One Man's NFL Draft Odyssey

As many of you know, I was lucky enough to attend the recent NFL Draft. After having had some time to reflect on the entire experience, I can only conclude that it met and/or exceeded every expectation I may have had. Truly, this was a special thing for me. As such, I thought you might be interested in getting a closer look at the proceedings and some of the differences between what you see on TV and what's actually going on at Radio City.


There's tons more AFTER the jump...

The first thing that hits you is the sheer volume of humanity that participates in the event. I cannot say this emphatically enough - it is wall-to-wall people. From the moment you come within earshot of the raucous fans lined up outside, in the rain, who want a shot at the general admission tickets, to the time when you actually make your way through the door to the main lobby. It's a claustrophobic's worst nightmare.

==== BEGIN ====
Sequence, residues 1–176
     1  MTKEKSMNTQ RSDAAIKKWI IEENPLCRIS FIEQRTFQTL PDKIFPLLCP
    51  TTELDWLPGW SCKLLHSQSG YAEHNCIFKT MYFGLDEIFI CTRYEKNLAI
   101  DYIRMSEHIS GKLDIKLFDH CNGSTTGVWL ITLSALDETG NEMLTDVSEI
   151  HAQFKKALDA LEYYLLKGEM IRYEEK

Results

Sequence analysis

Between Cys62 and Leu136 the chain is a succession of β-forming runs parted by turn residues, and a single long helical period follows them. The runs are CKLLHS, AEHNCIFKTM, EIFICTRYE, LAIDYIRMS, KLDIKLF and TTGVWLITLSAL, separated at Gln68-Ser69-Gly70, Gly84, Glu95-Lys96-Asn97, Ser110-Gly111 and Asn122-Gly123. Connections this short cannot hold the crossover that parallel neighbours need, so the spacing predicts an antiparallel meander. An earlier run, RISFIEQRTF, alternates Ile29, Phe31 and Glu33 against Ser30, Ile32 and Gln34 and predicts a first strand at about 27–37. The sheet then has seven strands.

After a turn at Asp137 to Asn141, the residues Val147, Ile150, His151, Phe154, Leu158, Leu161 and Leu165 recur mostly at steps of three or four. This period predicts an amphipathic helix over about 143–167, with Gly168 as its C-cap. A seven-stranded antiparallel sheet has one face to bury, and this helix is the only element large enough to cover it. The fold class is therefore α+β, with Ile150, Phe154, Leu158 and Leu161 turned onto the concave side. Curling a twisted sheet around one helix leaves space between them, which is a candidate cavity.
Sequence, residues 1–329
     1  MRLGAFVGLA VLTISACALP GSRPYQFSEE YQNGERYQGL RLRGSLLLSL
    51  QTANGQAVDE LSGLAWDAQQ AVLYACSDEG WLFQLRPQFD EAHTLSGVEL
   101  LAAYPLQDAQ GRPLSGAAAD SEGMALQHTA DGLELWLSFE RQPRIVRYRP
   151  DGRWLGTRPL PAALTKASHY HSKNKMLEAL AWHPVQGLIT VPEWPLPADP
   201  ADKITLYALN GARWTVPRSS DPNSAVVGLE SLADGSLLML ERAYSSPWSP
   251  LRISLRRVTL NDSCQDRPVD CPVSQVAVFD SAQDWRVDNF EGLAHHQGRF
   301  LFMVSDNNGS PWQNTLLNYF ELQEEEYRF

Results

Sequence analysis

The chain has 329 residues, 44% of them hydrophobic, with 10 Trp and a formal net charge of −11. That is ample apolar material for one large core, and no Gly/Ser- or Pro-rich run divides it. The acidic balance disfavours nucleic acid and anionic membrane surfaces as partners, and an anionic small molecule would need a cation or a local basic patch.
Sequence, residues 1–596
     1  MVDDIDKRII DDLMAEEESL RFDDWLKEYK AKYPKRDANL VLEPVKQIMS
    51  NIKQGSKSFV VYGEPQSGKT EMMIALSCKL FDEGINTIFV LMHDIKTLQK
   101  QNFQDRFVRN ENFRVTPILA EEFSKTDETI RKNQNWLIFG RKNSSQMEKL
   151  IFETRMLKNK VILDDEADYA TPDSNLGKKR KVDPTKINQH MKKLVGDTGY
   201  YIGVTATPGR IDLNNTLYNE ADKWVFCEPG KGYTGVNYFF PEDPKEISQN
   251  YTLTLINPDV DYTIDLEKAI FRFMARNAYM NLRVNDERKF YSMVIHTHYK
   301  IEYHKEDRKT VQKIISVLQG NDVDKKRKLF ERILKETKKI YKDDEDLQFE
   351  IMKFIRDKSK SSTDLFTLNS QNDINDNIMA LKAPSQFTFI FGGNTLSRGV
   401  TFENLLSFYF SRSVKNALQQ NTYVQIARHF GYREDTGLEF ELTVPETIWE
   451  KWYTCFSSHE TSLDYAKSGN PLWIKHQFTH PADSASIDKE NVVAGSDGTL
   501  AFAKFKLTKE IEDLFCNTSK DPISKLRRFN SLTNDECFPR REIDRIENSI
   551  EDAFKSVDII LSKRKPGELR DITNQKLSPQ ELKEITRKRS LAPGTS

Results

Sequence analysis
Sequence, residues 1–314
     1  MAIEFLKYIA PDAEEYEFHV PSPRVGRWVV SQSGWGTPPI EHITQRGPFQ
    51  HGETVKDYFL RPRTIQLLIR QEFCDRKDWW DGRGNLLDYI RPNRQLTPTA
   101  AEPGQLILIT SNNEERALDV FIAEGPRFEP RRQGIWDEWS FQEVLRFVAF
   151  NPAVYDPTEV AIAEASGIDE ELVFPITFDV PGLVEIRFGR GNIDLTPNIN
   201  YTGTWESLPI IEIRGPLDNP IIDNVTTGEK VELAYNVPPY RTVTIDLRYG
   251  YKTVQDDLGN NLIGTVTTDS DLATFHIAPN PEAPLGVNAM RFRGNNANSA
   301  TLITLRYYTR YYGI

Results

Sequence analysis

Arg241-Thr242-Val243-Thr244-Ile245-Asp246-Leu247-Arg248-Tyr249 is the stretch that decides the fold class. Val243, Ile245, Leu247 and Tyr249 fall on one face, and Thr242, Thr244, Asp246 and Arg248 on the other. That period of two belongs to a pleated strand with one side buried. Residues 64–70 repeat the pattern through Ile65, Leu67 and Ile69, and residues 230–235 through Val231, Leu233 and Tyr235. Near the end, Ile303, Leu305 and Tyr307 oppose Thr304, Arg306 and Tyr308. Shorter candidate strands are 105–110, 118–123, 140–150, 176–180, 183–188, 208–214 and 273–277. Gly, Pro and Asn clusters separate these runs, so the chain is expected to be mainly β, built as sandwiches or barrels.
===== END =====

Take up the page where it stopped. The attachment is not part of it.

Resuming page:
Now, New Yorkers have a bad rap because of their directness and what can be perceived as abruptness. Having spent many a summer in Manhattan while growing up, I can say with the utmost assuredness, that their reputation is...well-deserved. The difference is that I have grown to develop an appreciation for those qualities and see them as minor regional differences in style and approach. But here, for this three-day event, it's more like Mardi Gras. New York fans welcome, with open arms, characters from all points on the globe. I met fans who came to see this event from Europe, Asia and South America. Yes, fans from all over come here to renew their hopes and dreams that their 6th round draft pick will become the next Tom Brady. While there may be a lack of common sense, there is certainly no shortage of fervor amongst the faithful.